PNNL creates way to make natural gas from algae
May 7, 2009 - McClatchy-Tribune Regional News
- Tri-City Herald, Kennewick, Wash.
A new method for converting algae into natural
gas for use in pipelines and power generation has
been transferred to the marketplace under a license
between Genifuel Corp. and Battelle.
The process was developed at the Department of
Energy's Pacific Northwest National Laboratory in
Richland, which is operated by Battelle. Work was
done most recently at the new Bioproducts, Sciences
and Engineering Laboratory at Washington State University
Tri-Cities, a joint project of the university and
The new technology, called catalytic hydrothermal
gasification, creates natural gas out of algae more
quickly, more efficiently and at higher yields than
other biofuel processes, according to the lab.
Doug Elliott, the PNNL scientist who invented the
gasification process, said wet biomass like algae
is placed in the gasifier, where it catalytically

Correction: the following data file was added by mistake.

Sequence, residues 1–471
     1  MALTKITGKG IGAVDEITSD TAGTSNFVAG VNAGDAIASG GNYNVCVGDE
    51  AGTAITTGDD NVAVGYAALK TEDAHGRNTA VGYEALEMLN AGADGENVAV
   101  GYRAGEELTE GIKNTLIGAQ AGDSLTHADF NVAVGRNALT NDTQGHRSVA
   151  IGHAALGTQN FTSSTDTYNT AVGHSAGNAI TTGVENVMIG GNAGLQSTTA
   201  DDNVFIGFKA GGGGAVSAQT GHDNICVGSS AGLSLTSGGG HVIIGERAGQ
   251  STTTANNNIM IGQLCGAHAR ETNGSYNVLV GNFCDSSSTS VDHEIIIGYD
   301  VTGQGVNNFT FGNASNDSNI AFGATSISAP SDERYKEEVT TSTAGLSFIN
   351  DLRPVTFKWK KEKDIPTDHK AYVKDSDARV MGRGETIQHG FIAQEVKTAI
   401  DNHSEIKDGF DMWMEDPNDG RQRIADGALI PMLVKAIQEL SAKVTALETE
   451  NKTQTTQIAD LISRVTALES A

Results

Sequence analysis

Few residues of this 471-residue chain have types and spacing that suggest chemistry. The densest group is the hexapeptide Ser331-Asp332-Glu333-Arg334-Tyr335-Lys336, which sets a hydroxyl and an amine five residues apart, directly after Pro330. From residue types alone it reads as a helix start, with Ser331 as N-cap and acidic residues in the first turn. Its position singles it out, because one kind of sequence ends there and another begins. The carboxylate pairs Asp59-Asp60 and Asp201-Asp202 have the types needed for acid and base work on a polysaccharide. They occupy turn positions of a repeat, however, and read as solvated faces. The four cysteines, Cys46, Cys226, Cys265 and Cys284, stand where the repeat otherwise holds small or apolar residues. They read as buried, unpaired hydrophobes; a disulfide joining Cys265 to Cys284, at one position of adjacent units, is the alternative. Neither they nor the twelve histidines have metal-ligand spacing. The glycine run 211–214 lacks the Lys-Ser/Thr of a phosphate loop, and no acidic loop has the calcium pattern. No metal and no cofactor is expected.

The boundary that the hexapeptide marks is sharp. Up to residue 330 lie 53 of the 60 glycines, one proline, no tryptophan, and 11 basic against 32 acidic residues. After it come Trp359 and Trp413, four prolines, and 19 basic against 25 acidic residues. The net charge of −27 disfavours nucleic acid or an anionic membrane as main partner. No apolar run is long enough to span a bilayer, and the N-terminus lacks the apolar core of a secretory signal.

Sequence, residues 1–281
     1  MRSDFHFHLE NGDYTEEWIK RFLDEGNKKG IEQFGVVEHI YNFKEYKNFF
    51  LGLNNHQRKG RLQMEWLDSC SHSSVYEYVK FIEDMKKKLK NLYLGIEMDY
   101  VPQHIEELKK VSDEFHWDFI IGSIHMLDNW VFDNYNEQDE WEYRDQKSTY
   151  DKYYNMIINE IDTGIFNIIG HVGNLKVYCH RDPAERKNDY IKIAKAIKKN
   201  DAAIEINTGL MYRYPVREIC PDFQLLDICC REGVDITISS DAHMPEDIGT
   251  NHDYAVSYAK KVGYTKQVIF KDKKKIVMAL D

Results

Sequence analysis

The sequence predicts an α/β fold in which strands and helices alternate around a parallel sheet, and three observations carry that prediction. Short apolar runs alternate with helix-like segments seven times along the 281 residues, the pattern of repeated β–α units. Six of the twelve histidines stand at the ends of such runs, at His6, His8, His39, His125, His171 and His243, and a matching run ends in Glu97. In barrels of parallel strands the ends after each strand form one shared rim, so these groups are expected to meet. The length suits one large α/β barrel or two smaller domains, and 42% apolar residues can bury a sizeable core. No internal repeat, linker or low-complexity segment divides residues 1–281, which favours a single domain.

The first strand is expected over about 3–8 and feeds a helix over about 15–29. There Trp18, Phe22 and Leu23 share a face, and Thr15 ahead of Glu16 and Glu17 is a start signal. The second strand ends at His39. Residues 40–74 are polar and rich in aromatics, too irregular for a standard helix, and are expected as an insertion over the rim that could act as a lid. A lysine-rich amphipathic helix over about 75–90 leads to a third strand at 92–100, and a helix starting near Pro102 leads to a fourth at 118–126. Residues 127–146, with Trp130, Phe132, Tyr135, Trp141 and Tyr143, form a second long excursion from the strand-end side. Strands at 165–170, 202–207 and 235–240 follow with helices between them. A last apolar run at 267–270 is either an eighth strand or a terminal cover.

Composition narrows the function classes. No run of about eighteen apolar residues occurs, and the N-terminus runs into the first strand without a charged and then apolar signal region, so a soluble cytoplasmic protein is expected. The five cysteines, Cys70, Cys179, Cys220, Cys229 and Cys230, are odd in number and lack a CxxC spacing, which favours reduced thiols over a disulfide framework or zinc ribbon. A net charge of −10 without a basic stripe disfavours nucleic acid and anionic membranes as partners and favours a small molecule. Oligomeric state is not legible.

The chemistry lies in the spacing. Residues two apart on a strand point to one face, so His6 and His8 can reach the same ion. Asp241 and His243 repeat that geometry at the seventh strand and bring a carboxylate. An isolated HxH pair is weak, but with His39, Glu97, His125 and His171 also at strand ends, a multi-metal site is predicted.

converted and then fuel gas and carbon dioxide are
collected. The carbon dioxide can be used to grow
"It's a completely green process," Elliott said
in a statement.
PNNL originally developed the catalytic gasification
process to clean up industrial and food processing
waste as an alternative to incineration. The technology
then was advanced to include a more stable catalyst
that enables it to also convert wet biomass, such
"Algae and other aquatic biomass hold significant
promise for our country's ability to produce renewable
energy domestically," said Jim Oyler, president
of Genefuel, which has developed methods to grow
and harvest aquatic biomass. "With this gasification
process, we can convert the biomass to a clean fuel
that is almost completely carbon neutral."
Genefuel is based in Salt Lake City, and has an
exclusive license for the technology.